Swedish Meatballs, Like My Mama Used to Make ‘Em

When I was a kid, one of my favorite meals was Swedish meatballs. Now my kids eat them – and I use exactly the same recipe my mom did.

There is a very special secret ingredient to my recipe.

The McCormick Swedish Meatballs Seasoning & Sauce Mix.

If you came across this blog looking for some old, family-heirloom recipe with a true secret, I am sorry to disappoint. My mom dutifully put a home-cooked dinner on our table almost every night of my young life, but an adventurous or thrilled cook she was not. And cooking for five picky kids will certainly take any fire for culinary experimentation right out of you, I imagine. Our weekly menus consisted of basics like these Swedish meatballs, spaghetti, tater tot casserole, rice-and-hamburger casserole (which may be, to this day, the only food my dad has ever refused to eat), stuffed peppers, goulash, baked chicken, potato-and-hot-dog-and-onion fry, and so on. Recipes were quick, easy and cheap. My parents would buy half a cow and we ate a lot of ground beef. Nothing fancy like pre-cut chicken breasts like spoiled me gets nowadays.

I am pretty sure I have never had real Swedish meatballs, but I imagine they are more labor-intensive than the ones I make. A quick search online turned up cook times of an hour! And that is the beauty of the McCormick seasoning packet. As long as I have milk, ground beef, some sort of pasta and 20 minutes, I am good to go. And I can at least pretend I’m making something interesting.

Since I can’t really share a recipe here (instructions are conveniently written on the packet!) I can share a tip for decent stove-top meatballs. Maybe this is common knowledge and I’m the last person to know, but just in case YOU are the last person to know, I wanted to give you my insights into making sure the meatballs do stay ball-shaped and don’t burn. Because up until about two years ago every batch I made looked more like slightly singed, fat, mini beef pancakes than meat spheres.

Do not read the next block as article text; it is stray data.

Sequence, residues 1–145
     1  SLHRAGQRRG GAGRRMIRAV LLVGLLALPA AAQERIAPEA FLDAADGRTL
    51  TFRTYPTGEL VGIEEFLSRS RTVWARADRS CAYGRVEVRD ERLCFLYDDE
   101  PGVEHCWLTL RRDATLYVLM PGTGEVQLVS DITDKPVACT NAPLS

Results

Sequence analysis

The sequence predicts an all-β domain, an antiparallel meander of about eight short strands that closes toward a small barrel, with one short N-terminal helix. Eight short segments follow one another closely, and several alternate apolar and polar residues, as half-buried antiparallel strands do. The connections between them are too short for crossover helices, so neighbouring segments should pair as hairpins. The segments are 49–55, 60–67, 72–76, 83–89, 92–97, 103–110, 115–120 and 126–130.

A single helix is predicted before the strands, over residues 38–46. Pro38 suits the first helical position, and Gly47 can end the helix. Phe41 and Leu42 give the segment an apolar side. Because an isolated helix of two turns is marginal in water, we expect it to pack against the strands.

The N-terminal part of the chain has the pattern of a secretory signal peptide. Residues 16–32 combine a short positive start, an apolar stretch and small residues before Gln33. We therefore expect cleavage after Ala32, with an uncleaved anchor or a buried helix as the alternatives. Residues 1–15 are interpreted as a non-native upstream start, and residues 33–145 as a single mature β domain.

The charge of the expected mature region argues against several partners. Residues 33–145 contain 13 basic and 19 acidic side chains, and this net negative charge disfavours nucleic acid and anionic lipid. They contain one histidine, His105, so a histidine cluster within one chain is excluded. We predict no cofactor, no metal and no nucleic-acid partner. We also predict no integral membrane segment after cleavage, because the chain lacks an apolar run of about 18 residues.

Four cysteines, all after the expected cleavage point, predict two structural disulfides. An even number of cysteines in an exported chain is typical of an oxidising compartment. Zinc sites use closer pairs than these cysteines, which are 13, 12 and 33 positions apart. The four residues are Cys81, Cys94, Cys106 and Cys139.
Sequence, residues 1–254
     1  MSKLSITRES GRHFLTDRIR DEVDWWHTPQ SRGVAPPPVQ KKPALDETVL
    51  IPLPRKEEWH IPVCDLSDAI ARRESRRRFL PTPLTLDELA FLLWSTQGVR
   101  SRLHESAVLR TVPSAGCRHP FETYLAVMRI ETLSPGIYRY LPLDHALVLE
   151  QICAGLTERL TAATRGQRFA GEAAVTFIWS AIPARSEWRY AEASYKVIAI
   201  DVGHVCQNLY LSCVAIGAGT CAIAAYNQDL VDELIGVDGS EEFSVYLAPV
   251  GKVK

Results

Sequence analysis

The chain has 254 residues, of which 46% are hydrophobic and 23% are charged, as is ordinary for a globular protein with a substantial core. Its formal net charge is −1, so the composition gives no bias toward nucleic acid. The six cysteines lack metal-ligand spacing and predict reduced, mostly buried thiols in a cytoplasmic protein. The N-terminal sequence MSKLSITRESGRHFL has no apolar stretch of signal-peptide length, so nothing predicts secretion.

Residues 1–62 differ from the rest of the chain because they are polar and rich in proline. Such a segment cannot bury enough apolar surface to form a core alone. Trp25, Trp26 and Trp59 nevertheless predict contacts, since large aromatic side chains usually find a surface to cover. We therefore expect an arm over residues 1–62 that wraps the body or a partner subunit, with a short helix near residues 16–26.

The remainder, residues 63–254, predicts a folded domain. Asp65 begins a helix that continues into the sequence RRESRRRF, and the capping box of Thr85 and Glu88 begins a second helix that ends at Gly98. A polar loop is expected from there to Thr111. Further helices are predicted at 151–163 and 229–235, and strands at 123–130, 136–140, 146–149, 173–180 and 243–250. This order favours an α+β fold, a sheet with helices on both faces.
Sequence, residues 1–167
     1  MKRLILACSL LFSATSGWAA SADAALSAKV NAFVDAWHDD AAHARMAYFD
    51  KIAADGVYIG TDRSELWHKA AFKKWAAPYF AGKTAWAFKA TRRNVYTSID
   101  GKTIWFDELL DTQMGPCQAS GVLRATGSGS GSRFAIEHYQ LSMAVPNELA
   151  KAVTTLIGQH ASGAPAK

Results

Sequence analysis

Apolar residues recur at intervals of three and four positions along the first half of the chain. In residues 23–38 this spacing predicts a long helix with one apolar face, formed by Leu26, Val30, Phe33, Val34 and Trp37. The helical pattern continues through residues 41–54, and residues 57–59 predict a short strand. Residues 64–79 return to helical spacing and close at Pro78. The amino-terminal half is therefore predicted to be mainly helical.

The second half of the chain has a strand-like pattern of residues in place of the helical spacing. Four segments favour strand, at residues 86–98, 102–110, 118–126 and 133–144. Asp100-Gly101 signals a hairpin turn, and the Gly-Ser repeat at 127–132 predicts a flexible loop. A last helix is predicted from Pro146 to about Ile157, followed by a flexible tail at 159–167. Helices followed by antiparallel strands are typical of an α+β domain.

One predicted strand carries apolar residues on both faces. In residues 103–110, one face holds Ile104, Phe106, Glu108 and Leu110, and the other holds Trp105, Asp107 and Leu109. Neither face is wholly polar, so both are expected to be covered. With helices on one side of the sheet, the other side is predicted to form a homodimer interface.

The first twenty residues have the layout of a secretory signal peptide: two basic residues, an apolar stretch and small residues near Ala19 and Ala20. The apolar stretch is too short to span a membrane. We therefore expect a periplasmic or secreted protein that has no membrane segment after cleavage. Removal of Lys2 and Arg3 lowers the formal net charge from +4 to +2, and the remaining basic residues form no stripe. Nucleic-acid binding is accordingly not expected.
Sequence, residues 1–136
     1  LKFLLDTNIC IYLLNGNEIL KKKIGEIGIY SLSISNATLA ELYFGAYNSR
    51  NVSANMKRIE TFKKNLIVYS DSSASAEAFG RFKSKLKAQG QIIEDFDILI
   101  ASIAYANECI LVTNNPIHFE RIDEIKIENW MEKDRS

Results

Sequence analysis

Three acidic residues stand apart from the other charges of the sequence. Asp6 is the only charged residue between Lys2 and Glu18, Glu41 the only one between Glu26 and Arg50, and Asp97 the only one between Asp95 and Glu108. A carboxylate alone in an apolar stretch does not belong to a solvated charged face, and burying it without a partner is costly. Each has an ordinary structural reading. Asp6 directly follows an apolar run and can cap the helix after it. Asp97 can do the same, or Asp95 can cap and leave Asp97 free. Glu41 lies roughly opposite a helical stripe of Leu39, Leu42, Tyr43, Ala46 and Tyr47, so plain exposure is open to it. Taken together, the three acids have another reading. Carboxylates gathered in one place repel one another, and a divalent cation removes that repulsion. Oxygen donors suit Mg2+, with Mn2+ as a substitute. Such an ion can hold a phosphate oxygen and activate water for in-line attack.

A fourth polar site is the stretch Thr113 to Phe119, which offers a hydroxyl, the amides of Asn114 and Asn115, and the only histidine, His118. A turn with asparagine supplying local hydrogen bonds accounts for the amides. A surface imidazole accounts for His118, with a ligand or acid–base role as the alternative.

First, I use a tablespoon to make sure my meatballs are uniform in size. Some people may be good at estimating this, but I’m not one of those people. I put the meatballs into a cold skillet, then cover and cook over medium heat until the meatballs brown. Turn them over with a spoon and cook a little longer (I know, my times are so scientific, aren’t they? Next time I will write down how long they cook for). Drain the fat from the pan and continue with packet instructions.

Anyway, there you have it, my method for making truly round meatballs on the stove top.

This “recipe” gets a 5/6 star rating at our house. Grant won’t eat ground beef, but everyone else eats it. And as any other mom knows, anytime you’ve found a food that 50% or more of those in the house actually eat, you consider it a success.

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Comments

  1. I thought your list of foods for “picky” kids was actually quite expansive. My kids won’t even eat Spaghetti sauce…Plain noodles with butter and parm cheese!!! And my hubby isn’t much better!!!

  2. Wow, I’m going to have to give those a try. I’ve always got milk, burger, and noodles 🙂

Trackbacks

  1. […] of the same rotation of meals twice a month, with very little variety (I wrote a bit about that in this post) I’m quite sure I didn’t see my mom ever cook with fresh herbs, or anything as fancy as […]

  2. […] Our trip to this shining mecca of wholesomeness had me thinking back to when I used to buy organic milk and produce for our family, probably two kids ago. I always tentatively reach for the organic milk when I’m shopping, but it’s more than twice as much per gallon as the conventional milk we’ve become used to buying, so it doesn’t end up coming home with me. My sister chose some beautiful, organic apples that cost $1 more per pound than I pay for conventionally grown apples (doesn’t that seem backwards? I would think organic would be considered “conventional” seeing as how modern pesticides haven’t been in existence that long, considering the history of humans), and we go through a pound of apples in one day. The grass-fed, organic ground beef at Costco is over a dollar more per pound than what I buy at my local grocery store to make tacos and Swedish meatballs. […]

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